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Living My Life: An Autobiography of Emma…

Living My Life: An Autobiography of Emma Goldman (1931)

by Emma Goldman

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On page 165, Emma Goldman describes the London center of the anarchist movement, at the home of the Rossetti family - William Michael Rossetti was the manager of Britain's pro-feudal "Pre-Raphaelite Brotherhood"
  chaitkin | May 25, 2017 |
Emma Goldman was an anarchist and feminist who lived at the end of the 19th/beginning of the 20th century. She started her political career in the USA, where she was closely involved with Alexander Berkman and his assassination attempt on Henry Clay Frick. After long years of agitation in the US (where she spoke about contraceptive measures or against the forced conscription for World War One, for which she was imprisoned), she was deported and sent to Russia, where she started to turn from initial support of the October revolution to criticism of the Bolsheviks. As things started to heat up from her, she left Russia as well and finally wrote her autobiography from her exile and resort in France.

Emma Goldman was an interesting personality and had a fascinating life, but she was not a great writer. For the most part that doesn’t matter that much, but towards the end, the book does start to drag a bit.

Read more on my blog: http://kalafudra.wordpress.com/2012/03/15/living-my-life-emma-goldman/ ( )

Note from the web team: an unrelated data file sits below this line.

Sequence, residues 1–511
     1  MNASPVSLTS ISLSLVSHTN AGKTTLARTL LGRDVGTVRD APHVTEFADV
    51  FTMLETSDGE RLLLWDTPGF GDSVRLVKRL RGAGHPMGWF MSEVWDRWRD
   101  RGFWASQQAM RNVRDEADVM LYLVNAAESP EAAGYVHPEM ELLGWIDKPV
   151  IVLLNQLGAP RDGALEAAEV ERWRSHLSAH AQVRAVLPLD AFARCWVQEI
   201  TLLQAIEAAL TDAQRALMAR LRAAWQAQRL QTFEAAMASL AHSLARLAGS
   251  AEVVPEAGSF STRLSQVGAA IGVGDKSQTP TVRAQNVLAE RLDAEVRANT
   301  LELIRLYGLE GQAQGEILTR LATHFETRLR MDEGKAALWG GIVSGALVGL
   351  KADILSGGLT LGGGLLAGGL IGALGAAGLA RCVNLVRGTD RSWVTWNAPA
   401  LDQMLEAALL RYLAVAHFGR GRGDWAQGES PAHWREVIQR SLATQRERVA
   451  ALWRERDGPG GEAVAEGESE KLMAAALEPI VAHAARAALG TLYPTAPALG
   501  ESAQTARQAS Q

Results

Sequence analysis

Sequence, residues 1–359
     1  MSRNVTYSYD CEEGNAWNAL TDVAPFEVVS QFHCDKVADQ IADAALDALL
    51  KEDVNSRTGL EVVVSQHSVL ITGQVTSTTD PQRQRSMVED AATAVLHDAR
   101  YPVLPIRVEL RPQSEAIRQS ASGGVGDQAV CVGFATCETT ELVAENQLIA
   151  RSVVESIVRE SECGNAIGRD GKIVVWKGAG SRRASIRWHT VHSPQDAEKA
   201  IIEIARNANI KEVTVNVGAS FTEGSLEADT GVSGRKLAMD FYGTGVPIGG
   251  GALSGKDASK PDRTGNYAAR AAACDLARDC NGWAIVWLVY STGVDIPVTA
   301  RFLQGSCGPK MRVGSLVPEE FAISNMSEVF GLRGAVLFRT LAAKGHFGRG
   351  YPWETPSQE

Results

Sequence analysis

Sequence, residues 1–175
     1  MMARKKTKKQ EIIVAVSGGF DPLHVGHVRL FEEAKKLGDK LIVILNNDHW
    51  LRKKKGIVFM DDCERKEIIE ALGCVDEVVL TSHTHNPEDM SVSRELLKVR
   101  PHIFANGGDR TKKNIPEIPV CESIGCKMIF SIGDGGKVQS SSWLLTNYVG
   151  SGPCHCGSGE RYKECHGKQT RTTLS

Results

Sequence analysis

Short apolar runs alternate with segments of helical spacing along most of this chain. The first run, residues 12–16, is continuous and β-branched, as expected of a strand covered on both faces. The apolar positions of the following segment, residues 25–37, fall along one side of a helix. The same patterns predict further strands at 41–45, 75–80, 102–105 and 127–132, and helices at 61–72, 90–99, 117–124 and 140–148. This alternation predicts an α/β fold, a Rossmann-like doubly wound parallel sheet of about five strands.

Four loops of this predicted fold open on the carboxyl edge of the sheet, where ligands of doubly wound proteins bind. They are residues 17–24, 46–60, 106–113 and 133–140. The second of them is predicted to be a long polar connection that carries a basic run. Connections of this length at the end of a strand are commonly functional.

kalafudra | Mar 18, 2012 |
Interesting feminist and labor advocate perspective of the industrial age in america. ( )
  deadbeat | Apr 14, 2011 |
She is my hero. ( )
  getborn | Apr 14, 2011 |
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Complete text of Emma Goldman's autobiography. Please do not combine with individual volumes or with abridged editions.
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Amazon.com Product Description (ISBN 0142437859, Paperback)

Anarchist, journalist, drama critic, advocate of birth control and free love, Emma Goldman was the most famous—and notorious—woman in the early twentieth century. This abridged version of her two-volume autobiography takes her from her birthplace in czarist Russia to the socialist enclaves of Manhattan’s Lower East Side. Against a dramatic backdrop of political argument, show trials, imprisonment, and tempestuous romances, Goldman chronicles the epoch that she helped shape: the reform movements of the Progressive Era, the early years of and later disillusionment with Lenin’s Bolshevik experiment, and more. Sounding a call still heard today, Living My Life is a riveting account of political ferment and ideological turbulence.

First time in Penguin Classics
Condensed to half the length of Goldman's original work, this edition is accessible to those interested in the activist and her extraordinary era


(retrieved from Amazon Thu, 12 Mar 2015 18:04:23 -0400)

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